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The Origins

Early bullfighting was carried out on horseback, to celebrate notable occasions, royal weddings, military victories and religious solemnities.

When the parliament of 815 met, bulls were killed, according to the Chronicle of Alphonso the Wise. An early instance, of which there is a documentary record, was in celebration of the coronation of Alphonso VII in 1135. The bull killing was held in Varea, Logrono, many famous knights took part. This bull spearing, almost in the form of a tourney or semi hunt, was an aristocratic diversion held infrequently and with no established norms.

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Over the centuries it transferred from the jousting field to public squares. During the eighteen century, it changed form and became the enjoyment of the common people.

It is interesting to note that there are records of bull killings for entertainment in England at an equally early date.

The Change To Bullfighting On Foot

Bullfighting on foot came into popular practice in the 18th century. Bands of fighters from the lowest stratas of society killed bulls by wounding them, wherever they could, with swords, daggers, and knives.

Many of these early bullfighters were slaughtermen. The Seville slaughterhouse was the first official school of tauromachy in Spain. Jose Rodriguez (Pepete), a well-known 19th century bullfighter said that most people of his calling were slaughtermen by trade, and in a letter to a friend wrote; "What do you expect us people brought up in the slaughterhouse to be like? There's no politeness there, only 'Fling over those innards', 'Strip off that skin'. 'Cut of the head'. 'Put your feet in those puddles of blood'. We get to know the worst possible side of things".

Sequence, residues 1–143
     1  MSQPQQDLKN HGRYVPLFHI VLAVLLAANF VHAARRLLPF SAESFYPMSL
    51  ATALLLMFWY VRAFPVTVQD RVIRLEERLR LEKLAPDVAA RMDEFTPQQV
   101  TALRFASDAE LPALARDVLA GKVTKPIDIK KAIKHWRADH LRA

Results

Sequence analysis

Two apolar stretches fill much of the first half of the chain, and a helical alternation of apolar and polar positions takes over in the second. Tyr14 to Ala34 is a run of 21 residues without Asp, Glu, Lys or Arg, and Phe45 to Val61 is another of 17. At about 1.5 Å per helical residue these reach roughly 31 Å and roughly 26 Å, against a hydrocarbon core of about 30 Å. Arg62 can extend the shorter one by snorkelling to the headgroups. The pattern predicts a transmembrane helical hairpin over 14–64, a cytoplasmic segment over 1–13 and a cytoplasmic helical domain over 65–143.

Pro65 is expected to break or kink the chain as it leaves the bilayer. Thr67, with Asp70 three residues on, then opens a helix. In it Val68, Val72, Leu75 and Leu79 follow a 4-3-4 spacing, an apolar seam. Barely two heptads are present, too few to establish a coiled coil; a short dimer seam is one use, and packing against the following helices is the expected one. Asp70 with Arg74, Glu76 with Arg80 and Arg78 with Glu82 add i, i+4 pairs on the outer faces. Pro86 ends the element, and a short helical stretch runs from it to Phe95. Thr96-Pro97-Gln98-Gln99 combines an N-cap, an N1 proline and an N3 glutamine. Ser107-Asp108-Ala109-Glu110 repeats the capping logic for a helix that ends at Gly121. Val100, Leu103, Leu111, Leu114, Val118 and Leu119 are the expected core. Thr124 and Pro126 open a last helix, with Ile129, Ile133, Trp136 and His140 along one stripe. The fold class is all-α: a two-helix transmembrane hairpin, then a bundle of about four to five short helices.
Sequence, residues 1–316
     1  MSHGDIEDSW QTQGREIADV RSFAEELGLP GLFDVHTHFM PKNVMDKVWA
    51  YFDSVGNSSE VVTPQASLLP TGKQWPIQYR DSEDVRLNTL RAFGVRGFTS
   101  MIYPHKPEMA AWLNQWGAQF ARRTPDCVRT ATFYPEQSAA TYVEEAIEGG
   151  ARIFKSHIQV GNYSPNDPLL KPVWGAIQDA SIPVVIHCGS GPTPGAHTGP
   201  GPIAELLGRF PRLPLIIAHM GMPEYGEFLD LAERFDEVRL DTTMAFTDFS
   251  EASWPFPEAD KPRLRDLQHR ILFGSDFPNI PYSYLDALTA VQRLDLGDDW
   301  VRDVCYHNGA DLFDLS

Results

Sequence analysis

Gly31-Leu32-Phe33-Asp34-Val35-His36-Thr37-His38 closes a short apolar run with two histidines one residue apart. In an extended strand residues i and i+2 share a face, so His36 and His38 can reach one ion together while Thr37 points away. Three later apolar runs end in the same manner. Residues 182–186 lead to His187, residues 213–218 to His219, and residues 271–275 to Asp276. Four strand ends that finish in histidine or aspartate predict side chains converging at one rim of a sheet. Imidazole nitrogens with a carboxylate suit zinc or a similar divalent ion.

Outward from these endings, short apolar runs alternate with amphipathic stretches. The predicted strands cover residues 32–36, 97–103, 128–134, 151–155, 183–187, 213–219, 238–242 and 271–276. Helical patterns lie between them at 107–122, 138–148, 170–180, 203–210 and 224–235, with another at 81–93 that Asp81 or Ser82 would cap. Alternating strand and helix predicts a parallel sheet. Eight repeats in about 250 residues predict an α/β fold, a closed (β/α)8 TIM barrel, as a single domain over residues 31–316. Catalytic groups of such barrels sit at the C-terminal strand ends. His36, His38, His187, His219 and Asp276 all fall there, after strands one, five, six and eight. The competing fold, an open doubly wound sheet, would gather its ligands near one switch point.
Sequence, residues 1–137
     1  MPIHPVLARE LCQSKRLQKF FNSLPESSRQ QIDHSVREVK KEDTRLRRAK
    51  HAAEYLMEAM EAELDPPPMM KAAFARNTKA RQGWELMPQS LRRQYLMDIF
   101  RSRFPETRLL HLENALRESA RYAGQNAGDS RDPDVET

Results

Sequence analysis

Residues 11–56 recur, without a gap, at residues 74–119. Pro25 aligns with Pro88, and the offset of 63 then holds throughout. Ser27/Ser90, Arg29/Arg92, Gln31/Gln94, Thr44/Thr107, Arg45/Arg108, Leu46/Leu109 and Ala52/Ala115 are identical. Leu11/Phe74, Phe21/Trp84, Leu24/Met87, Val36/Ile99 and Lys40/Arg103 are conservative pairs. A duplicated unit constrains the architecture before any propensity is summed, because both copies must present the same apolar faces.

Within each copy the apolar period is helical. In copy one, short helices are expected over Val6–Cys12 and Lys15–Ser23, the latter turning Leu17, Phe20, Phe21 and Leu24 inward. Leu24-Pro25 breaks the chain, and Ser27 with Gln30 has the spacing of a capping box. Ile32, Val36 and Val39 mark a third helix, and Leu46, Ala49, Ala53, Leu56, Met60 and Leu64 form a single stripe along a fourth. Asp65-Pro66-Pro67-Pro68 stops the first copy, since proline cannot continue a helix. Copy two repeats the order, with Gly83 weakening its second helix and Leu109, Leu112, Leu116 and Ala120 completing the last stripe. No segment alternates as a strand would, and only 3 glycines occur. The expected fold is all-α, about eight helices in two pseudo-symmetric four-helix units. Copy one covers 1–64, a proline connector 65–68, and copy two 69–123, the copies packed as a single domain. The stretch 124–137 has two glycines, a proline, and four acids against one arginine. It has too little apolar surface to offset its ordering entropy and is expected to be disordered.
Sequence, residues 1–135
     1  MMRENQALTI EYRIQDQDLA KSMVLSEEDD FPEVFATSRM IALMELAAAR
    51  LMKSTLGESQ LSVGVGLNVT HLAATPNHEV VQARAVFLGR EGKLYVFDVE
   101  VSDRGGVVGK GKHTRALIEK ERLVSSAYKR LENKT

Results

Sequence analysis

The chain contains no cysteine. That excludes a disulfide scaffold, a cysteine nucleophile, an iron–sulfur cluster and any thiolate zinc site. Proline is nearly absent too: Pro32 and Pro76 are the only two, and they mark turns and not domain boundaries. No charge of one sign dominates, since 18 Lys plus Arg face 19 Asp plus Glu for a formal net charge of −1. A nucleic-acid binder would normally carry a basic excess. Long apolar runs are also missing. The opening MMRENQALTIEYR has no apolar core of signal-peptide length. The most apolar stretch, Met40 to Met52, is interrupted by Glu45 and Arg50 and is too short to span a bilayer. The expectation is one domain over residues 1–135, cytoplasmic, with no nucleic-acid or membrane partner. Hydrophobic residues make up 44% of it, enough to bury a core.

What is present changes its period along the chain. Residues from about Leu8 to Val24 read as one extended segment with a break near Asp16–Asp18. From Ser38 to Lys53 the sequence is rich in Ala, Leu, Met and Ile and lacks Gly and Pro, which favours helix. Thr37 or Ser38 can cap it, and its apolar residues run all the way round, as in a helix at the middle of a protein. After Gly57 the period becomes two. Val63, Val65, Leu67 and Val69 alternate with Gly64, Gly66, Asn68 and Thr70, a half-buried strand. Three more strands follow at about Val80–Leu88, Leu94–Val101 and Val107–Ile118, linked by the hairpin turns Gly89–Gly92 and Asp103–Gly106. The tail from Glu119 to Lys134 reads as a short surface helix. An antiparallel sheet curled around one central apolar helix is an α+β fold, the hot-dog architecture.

The Andalucian riding schools encouraged and nurtured this activity for the people.

The Romero family of Ronda laid down many of the fundamentals of bullfighting, together with Joaquin Rodriguez (Costillares) and Jose Delgado (Pepe Hillo) both of Seville.

Charles IV decreed a prohibition in 1805. When the prohibition was lifted, it continued and bullfighters such as Candido and Herrera were notable.

At the return of Ferdinand Vll to the throne of Spain, the activity reached great popularity encouraged with great support from the king. In 1830 he founded the Royal School of tauromachy in Seville.

There are two styles or schools of bullfighting that of Seville and that of Ronda. That of Ronda is termed 'classical' that of Seville, classical but with a "winged baroque quality giving more scope for temperament and improvisation".

Belmonte and Manolete are credited with having established much of the style of modern bullfighting.


The first bullrings were wooden, easily erected and dismantled. The first one put up in Seville was quadrilateral. Another wooden structure succeeded this. In 1743 a wooden ring was erected in Madrid. The first permanent structure was built in Madrid near the Puerta de Alcala and inaugurated in 1754. The Royal Riding school in Ronda and Seville were also built. Throughout the nineteenth century many major cities and towns followed.


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